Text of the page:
Actinopterygii (ray-finned fishes) > Polypteriformes
(Bichirs) > Polypteridae
Etymology: Erpetoichthys: Greek, erpeton = creeping thing + Greek, ichthys = fish (Ref. 45335); calabaricus: Named after the locality where the fish was taken: Old Calabar (Ref. 42916).
Environment / Climate / Range
Freshwater; brackish; demersal; pH range: 6.0 - 8.0; dH range: 5 - 19; depth range 0 - ? m (Ref. 557). Tropical; 22°C - 28°C (Ref. 1672)
Length at first maturity / Size / Weight / Age
Maturity: Lm 31.4  range ? - ? cm
Max length : 37.0 cm TL male/unsexed; (Ref. 78138)
Morphology | Morphometrics
(total): 7 - 13;
soft rays: 9 - 14;
Vertebrae: 110 - 113. Body elongate and anguilliform (Ref. 42768, Ref. 42908). Body height 24 times in total length; head length 11-14 times in total length (Ref. 2835). Head without sub-operculars, very slightly flattened, 1.6-2 times longer than wide; upper jaw prominent (Ref. 2835). Lateral eyes, eye-diameter 7.5-8.5 times in head length (Ref. 2835). Dorsal fin is composed of a series of well-separated spines each supporting one or several articulated rays and a membrane (Ref. 42791). Body covered with rhombic ganoid scales (Ref. 42791). 106-114 perforated scales on longitudinal line; 30-34 around body (Ref. 2835). Brown-olive colored on dorsal part and whitish on ventral portion, a big black spot on pectoral fins (Ref. 2835).
Africa: Ogun River mouth in Nigeria to Chiloango River in Congo Brazzaville (Ref. 2835).
Found in slow flowing rivers and standing waters (Ref. 557). Apparently restricted to reedy habitats (Ref. 42768). It moves snake-wise over the bottom, but it can also side-wind quite rapidly through the water (Ref. 42873). Feeds at night on worms, crustaceans and insects (Ref. 7020). Able to breathe air and thus can tolerate low oxygen concentrations. Larvae have external gills and resemble salamander larvae (Ref. 557). The size of 90 cm TL (Ref. 3188) is not confirmed; largest size in collections is 37 cm (Ref. 78138).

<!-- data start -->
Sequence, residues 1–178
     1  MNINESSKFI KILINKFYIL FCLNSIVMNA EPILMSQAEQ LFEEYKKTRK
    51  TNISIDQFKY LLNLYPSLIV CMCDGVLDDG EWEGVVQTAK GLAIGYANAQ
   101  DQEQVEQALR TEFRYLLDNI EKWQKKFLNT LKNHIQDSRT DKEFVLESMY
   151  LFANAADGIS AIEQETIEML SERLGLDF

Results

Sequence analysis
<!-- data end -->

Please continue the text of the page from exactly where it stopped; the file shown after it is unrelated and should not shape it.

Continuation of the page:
Parallel swimming courtship; female deposits few eggs between anal fins of male, where they are fertilized and then scattered in vegetation where they immediately stick to substrate. This procedure is repeated many times. Eggs are 2.1-2.6 mm in diameter. Larvae hatch after 70 hours but remain attached to vegetation; 22 days after hatching the yolk sac is absorbed and larvae start feeding.
Gosse, J.-P., 1990. Polypteridae. p. 79-87. In C. Lévêque, D. Paugy and G.G. Teugels (eds.) Faune des poissons d'eaux douces et saumâtres d'Afrique de l'Ouest. Tome 1. Coll. Faune Trop. n° XXVIII. Musée Royal de l'Afrique Centrale, Tervuren and Éditions de l'ORSTOM, Paris. 384 p. (Ref. 2835)
IUCN Red List Status (Ref. 96402)
CITES (Ref. 94142)
Threat to humans
Fisheries: of no interest; aquarium: commercial
Estimates of some properties based on models
Phylogenetic diversity index (Ref. 82805
= 1.0001 [Uniqueness, from 0.5 = low to 2.0 = high].
Bayesian length-weight: a=0.00132 (0.00061 - 0.00285), b=2.99 (2.79 - 3.19), based on LWR estimates for this (Sub)Family-body shape (Ref. 93245
Trophic Level (Ref. 69278
): 3.3 ±0.40 se; Based on food items.
Resilience (Ref. 69278
): Low, minimum population doubling time 4.5 - 14 years (tmax=20; Fec < 1,000).
Vulnerability (Ref. 59153
): Low vulnerability (20 of 100) .